The best books about asylum seekers

Many authors have picked their favorite books about asylum seekers and why they recommend each book.

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The Crossing

By Manjeet Mann,

Book cover of The Crossing

The Crossing really moved me. It’s an unforgettable story of two young people who suffer extreme trauma and struggle to find their way to a better future. Nat is in England, her mother has died, and in her honour Nat sets herself the task of raising money for refugees by swimming the Channel. Sammy, in Eritrea, has witnessed the political murder of his father and is soon to be drafted into the army, where he knows he will be tortured. I love the way the author weaves their first-person stories together, till we feel the two must meet. Sammy’s desperate journey, with its horrors, hunger, despair, and unimaginable hardship, is particularly graphically told.

I found this story of bravery shocking and frightening, but not without hope.


Who am I?

My maternal great-grandparents were Irish immigrants. My paternal grandfather left Liverpool in the late 19th century to go to Australia. I’d love to know their children’s stories! Some of the families I visited as a social worker (mid-1960s) were immigrants, struggling to make sense of a new language and a new culture. I met a child who had come here alone as an illegal immigrant and had been a house slave until the social services settled her with a foster family. I met author Hanna Jansen and her many adopted children from war-torn countries. Fiction gives us many powerful stories about children forced to flee from their homes because of war, tyranny, hunger, poverty, natural disasters.


I wrote...

The Girl Who Saw Lions

By Berlie Doherty,

Book cover of The Girl Who Saw Lions

What is my book about?

"Be strong, my Abela." These are the last words of Abela's mother in their HIV/Aids stricken African village, where it seems that to live or to die, to be sick or to be healthy, is just a matter of chance. It takes all 8-year-old Abela's strength to survive her Uncle Thomas's scheming to get her to London, where she becomes a house slave. but what will be her fate as an illegal immigrant? Abela’s story is interwoven with that of 13-year-old Rosa, in England, who is jealous and unhappy when her mother tells her she wants to adopt an orphan.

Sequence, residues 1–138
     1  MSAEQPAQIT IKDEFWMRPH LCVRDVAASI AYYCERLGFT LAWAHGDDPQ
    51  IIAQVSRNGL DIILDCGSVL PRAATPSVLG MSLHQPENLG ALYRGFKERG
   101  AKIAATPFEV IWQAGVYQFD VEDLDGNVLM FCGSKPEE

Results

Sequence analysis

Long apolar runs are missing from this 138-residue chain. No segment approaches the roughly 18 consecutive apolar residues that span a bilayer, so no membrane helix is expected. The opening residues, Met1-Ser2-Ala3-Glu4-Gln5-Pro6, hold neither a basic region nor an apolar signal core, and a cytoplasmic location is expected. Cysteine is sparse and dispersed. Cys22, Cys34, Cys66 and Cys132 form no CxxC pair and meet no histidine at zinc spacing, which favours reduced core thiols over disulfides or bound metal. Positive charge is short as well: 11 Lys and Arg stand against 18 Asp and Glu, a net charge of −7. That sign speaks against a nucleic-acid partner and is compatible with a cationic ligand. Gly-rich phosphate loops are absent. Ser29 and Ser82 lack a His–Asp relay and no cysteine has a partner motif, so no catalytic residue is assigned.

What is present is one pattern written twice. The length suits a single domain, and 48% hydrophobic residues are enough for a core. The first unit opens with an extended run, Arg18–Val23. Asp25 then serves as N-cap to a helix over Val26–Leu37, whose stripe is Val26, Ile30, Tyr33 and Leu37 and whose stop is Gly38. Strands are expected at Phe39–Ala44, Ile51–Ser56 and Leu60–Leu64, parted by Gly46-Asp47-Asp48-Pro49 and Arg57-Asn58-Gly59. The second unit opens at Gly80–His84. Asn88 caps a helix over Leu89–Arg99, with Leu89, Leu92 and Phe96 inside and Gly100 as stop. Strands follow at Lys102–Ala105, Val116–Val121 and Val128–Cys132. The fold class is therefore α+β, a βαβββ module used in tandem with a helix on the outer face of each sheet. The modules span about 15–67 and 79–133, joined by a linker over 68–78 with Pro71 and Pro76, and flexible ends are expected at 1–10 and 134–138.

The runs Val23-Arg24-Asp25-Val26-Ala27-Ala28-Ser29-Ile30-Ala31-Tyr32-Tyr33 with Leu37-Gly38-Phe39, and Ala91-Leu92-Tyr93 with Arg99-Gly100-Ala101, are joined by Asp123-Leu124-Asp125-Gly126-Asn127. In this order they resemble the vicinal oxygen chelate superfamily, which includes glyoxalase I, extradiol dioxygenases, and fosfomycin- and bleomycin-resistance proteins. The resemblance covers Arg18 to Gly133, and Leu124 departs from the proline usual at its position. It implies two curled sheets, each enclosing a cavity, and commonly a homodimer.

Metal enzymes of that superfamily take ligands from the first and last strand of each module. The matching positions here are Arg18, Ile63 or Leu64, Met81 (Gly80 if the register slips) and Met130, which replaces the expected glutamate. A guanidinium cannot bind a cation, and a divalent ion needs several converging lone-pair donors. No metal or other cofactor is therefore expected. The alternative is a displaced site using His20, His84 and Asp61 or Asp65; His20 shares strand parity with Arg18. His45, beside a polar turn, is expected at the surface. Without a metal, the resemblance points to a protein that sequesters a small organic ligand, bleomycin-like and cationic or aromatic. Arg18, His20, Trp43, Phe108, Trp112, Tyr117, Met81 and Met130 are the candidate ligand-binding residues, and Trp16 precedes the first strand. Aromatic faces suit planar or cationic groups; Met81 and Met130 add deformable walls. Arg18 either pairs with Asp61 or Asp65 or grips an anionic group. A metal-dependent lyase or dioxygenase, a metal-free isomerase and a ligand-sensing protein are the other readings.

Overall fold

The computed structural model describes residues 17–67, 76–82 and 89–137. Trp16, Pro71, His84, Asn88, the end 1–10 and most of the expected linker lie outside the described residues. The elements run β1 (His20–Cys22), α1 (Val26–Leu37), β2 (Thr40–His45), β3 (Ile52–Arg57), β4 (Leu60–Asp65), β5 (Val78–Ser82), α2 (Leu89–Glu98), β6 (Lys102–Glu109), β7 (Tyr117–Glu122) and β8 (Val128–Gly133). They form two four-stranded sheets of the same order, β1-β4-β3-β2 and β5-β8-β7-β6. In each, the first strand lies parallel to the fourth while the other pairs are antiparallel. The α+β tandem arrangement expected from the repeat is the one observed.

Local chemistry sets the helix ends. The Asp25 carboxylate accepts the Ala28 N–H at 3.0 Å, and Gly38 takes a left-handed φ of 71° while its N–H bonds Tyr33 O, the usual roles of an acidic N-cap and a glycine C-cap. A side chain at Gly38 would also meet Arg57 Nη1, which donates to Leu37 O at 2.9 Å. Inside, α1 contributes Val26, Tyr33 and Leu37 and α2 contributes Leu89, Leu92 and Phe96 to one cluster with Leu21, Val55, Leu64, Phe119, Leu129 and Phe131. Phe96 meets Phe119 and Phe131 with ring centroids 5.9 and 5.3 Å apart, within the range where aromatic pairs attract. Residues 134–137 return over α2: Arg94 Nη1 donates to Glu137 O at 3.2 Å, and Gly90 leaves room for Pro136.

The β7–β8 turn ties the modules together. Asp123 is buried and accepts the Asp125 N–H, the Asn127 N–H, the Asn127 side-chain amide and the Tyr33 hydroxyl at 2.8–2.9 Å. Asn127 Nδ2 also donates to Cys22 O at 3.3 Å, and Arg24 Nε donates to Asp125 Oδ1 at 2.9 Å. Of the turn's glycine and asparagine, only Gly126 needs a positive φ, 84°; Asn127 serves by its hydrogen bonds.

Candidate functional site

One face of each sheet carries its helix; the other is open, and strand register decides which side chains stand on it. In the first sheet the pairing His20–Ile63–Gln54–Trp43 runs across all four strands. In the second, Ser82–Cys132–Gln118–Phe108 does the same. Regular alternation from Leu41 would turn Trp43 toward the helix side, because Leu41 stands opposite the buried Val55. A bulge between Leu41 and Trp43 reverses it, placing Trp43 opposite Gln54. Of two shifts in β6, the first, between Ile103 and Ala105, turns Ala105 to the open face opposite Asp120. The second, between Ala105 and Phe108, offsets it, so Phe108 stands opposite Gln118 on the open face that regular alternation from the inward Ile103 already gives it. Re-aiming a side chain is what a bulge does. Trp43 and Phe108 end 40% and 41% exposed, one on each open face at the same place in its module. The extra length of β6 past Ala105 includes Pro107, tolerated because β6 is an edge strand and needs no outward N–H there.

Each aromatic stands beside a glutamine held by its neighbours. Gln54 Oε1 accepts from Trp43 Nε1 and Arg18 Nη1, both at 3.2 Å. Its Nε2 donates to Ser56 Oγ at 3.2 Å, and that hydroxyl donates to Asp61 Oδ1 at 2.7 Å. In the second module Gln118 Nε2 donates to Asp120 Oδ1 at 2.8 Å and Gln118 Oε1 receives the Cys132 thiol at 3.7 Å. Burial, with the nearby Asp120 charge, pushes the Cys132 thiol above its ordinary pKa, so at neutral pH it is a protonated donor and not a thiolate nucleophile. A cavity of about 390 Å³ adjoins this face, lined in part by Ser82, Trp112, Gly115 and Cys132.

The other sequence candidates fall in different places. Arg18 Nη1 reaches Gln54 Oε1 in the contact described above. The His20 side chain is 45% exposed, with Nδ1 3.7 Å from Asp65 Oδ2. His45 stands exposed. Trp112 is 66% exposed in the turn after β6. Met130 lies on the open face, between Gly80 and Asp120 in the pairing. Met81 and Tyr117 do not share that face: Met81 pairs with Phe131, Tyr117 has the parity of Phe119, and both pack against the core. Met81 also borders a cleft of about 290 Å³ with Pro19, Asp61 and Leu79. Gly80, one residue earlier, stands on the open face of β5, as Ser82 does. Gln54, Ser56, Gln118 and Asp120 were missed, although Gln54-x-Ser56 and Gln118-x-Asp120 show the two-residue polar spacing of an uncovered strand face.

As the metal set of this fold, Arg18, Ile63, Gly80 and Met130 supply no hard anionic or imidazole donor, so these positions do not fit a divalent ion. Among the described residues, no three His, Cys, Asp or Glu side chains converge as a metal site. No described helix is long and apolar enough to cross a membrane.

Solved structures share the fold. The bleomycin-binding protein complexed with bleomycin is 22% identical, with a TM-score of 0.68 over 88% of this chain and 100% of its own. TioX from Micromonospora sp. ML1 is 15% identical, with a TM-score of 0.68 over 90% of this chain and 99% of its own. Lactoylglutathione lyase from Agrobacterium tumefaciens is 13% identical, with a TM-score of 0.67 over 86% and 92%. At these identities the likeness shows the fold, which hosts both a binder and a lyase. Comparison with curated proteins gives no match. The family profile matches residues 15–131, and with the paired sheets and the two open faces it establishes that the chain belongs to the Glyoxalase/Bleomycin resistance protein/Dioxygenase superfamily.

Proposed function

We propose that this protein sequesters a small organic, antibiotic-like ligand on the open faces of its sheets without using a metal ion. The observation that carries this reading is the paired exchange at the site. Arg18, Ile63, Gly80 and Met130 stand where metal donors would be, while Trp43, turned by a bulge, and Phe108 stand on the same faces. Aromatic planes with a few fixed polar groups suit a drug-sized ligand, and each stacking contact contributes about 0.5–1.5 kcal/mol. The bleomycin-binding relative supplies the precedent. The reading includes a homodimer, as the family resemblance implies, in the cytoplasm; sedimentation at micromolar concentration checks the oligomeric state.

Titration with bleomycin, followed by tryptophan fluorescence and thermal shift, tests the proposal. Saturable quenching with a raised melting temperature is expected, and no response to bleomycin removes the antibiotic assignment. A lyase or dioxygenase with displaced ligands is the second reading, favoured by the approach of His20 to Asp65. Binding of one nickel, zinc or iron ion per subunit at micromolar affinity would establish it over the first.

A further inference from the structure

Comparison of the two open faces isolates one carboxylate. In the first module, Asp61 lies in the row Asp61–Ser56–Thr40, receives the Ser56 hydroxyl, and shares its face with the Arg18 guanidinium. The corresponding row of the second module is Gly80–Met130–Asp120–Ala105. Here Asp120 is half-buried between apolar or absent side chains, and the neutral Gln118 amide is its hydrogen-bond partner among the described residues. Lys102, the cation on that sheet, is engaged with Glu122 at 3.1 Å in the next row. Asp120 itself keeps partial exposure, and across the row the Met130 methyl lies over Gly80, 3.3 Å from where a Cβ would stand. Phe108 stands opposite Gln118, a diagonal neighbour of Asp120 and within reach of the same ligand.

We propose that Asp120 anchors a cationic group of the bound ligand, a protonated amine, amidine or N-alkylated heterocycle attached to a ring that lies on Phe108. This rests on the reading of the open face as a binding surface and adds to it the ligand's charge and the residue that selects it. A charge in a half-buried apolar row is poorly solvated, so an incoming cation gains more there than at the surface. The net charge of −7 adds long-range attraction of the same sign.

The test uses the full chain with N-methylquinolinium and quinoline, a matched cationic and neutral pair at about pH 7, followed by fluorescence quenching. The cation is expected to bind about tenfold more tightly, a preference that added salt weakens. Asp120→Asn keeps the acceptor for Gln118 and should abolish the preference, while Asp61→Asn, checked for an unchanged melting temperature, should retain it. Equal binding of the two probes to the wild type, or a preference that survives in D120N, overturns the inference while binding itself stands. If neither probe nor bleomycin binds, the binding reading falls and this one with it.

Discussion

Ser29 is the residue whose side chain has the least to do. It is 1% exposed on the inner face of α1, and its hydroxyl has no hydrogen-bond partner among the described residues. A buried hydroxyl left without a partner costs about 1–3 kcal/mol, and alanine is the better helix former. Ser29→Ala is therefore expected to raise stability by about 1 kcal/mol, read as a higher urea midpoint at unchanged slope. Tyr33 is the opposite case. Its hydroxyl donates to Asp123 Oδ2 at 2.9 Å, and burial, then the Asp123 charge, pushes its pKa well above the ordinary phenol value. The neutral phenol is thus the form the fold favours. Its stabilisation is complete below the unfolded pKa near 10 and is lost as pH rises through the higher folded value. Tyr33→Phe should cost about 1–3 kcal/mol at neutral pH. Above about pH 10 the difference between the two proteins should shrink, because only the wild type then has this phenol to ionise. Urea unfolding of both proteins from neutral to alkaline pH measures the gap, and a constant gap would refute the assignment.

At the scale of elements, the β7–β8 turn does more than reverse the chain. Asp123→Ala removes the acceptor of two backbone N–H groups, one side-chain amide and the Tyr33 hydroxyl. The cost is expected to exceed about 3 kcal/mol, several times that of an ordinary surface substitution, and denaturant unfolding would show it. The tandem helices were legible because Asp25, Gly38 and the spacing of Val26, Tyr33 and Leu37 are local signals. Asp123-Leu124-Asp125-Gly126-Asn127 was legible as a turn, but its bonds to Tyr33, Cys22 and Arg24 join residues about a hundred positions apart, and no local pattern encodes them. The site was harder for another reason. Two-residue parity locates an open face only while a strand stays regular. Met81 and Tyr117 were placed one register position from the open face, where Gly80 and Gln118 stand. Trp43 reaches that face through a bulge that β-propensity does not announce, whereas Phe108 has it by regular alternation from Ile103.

… this latest Doherty title is a heartbreaking yet ultimately hopeful examination of HIV/Aids, child trafficking, and adoption. (Season Highlight) ― The Bookseller

Over a Thousand Hills I Walk With You

By Hanna Jansen,

Book cover of Over a Thousand Hills I Walk With You

This is a beautifully written account of how 8-year-old Jeanne d'Arc Umubyeyi (Dédé) escaped the 1994 massacre of the Tutsi ethnic group at the hands of the Huti tribe. Jeanne was the only member of her family to survive. The horror of what she went through is vividly recounted in Jeanne’s words and those of her adoptive mother Hanna Jansen, who adopted her and brought her to Germany. 

It is a very powerful, true, story. I had heard of the Rwandan massacre, but knew little about it till I read this novel. 

I love the book and have re-read it several times. Young adults will identify strongly with both Jeanne and Hanna.


Who am I?

My maternal great-grandparents were Irish immigrants. My paternal grandfather left Liverpool in the late 19th century to go to Australia. I’d love to know their children’s stories! Some of the families I visited as a social worker (mid-1960s) were immigrants, struggling to make sense of a new language and a new culture. I met a child who had come here alone as an illegal immigrant and had been a house slave until the social services settled her with a foster family. I met author Hanna Jansen and her many adopted children from war-torn countries. Fiction gives us many powerful stories about children forced to flee from their homes because of war, tyranny, hunger, poverty, natural disasters.


I wrote...

The Girl Who Saw Lions

By Berlie Doherty,

Book cover of The Girl Who Saw Lions

What is my book about?

"Be strong, my Abela." These are the last words of Abela's mother in their HIV/Aids stricken African village, where it seems that to live or to die, to be sick or to be healthy, is just a matter of chance. It takes all 8-year-old Abela's strength to survive her Uncle Thomas's scheming to get her to London, where she becomes a house slave. but what will be her fate as an illegal immigrant? Abela’s story is interwoven with that of 13-year-old Rosa, in England, who is jealous and unhappy when her mother tells her she wants to adopt an orphan.

 … this latest Doherty title is a heartbreaking yet ultimately hopeful examination of HIV/Aids, child trafficking, and adoption. (Season Highlight) ― The Bookseller

Bookshelves related to asylum seekers